Natasha smiles ‘A couple of days before rehearsals even began, I thought it’s great. I’ll just do whatever they ask me but half a day into rehearsals, I was like, oh my goodness, oh my goodness. I’d rather have lines. I thought it would be a walk in a park, but far from it. This is so amazing, but it was so confusing, in the sense that I felt my voice was taken away from me’ she explains ‘your journey around the stage becomes your script and as a character I found it to be quite empowering but it was quite terrifying at the beginning. It is so different from anything I’ve done before’.
‘I’ve found my character through my interactions with others. I think we do see the protagonist’s internal story comes to life because we dive into her past and future. The other three males characters are faceless beings that shake her and sort of pull her around’ Natasha adds that those gestures and movements, in conjunction with the singer’s response, expose her emotions and turmoil. ‘There are some beautiful moments. My favourite part is when I’m playing her daughter; it’s one of the very few moments you get to see her enjoy that reality. These are quite touching moments between mother and daughter’.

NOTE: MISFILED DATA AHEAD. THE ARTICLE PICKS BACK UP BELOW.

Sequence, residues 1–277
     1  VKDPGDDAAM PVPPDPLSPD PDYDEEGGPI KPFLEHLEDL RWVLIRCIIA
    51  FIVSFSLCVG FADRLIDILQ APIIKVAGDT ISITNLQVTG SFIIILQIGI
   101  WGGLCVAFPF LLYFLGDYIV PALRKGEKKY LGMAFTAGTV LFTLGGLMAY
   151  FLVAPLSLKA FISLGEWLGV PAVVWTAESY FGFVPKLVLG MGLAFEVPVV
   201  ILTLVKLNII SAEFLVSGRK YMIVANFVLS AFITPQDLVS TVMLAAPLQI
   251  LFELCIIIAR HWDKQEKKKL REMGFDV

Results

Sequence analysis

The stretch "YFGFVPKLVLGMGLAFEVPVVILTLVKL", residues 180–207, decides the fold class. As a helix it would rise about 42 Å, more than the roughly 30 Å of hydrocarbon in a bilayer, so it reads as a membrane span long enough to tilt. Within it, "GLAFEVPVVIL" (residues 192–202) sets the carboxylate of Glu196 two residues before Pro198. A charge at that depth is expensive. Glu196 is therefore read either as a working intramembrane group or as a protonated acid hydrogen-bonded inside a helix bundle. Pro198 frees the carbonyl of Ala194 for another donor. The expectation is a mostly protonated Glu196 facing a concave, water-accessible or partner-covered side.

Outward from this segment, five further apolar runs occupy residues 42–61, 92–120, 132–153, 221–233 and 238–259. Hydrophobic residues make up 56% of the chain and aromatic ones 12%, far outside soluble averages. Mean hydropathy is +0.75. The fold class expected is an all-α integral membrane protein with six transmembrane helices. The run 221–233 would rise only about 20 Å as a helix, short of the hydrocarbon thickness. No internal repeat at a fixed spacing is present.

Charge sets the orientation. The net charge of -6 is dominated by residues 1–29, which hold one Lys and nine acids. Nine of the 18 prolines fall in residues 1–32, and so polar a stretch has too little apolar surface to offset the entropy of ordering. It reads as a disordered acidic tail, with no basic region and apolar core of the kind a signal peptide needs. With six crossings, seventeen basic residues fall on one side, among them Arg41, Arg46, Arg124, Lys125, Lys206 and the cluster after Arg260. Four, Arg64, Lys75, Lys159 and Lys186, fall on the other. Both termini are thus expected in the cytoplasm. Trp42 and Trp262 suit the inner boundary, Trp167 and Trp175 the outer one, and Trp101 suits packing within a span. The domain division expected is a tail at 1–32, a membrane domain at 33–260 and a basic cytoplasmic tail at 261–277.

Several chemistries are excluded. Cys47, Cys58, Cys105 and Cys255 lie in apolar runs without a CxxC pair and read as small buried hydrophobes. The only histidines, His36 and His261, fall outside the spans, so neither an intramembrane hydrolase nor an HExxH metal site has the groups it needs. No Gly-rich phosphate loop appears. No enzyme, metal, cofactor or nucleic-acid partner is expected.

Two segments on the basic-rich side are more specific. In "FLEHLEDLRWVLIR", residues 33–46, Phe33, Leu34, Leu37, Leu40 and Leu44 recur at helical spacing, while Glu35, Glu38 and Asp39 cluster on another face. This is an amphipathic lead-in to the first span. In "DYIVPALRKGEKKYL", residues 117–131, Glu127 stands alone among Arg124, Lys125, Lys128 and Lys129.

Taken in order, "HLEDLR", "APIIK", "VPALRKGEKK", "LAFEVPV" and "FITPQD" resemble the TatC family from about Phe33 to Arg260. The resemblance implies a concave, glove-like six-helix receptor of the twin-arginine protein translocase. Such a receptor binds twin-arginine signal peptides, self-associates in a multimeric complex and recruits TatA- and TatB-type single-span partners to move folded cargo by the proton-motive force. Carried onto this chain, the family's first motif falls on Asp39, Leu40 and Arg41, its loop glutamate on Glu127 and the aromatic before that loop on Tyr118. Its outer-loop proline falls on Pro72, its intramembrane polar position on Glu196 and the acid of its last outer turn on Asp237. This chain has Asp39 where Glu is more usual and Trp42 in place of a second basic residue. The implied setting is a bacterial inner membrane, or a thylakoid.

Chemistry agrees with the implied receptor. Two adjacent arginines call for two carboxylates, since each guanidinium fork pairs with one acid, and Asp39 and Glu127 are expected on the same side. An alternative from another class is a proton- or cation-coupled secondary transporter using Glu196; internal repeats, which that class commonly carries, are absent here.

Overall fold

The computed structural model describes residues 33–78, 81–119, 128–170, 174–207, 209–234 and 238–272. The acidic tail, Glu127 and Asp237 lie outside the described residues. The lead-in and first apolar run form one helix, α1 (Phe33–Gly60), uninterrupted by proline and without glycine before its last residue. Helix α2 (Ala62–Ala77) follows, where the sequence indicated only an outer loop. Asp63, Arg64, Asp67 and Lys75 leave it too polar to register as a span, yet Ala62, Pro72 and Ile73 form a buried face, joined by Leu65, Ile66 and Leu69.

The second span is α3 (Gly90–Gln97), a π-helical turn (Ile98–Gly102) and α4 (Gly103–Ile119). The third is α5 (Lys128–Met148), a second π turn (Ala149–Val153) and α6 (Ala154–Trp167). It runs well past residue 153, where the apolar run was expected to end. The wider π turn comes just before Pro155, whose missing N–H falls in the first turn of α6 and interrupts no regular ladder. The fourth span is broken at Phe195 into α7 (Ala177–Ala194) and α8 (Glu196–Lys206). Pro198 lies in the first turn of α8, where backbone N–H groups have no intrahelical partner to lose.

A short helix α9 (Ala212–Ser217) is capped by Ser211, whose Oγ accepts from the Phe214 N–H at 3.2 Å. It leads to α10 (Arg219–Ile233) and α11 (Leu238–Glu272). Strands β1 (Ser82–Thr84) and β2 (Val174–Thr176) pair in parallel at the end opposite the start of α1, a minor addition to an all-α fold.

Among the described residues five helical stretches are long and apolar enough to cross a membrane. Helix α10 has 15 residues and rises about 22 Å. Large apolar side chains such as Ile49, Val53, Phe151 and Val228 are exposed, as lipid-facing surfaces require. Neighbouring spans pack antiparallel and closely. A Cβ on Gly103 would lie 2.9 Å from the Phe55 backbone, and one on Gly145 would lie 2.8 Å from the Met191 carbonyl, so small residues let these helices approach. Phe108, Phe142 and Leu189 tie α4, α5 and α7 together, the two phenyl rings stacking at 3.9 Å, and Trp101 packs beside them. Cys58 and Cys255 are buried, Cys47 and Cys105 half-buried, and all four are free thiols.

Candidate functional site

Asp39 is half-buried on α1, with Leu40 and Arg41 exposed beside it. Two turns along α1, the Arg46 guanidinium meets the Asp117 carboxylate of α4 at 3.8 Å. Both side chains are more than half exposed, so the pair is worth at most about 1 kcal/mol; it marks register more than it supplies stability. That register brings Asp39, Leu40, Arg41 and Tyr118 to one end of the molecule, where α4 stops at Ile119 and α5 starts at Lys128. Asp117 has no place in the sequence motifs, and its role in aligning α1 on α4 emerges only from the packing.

Talking about her acting career, it is clear Natasha loves her profession and admits that often it is not straight sailing but requires hard work and perseverance.
This summer Natasha performed in Oliver Bennett’s Europe After the Rain, directed by Cara Nolan. Bennett’s production was also to do with refugees. ‘It was just a small cast of four actors and we told this brilliant story very politically – relevant to Brexit and immigration within the country and the impact of that; so it was a snap-shot of life offering four very different responses to the current affairs of England at the moment. I played a girl called Martha, 14 years old who was born in the UK; but her mother was a refugee from Eastern Europe, and it was a matter of navigating life whether seen as immigrants or as UK citizens and how that determined how they were treated.’
Having refugees as her ancestors, Natasha admits that although she considers herself British, yet as a British Jew, she knows her heritage is from a multitude of countries. Each grandparent came to England on their own journey, and each part of her family made their way here through different wars or disruptions. ‘I do think about it a lot. I feel very strongly about my family’s heritage, but then I also feel strongly towards my British heritage also, and creating these characters really makes you kind of realize the fragility of nationality and citizenship.’
Apart from doing more Shakespeare, she would love to act in a film or a TV series. She is not fussy; she just needs the opportunity and she knows she can do it.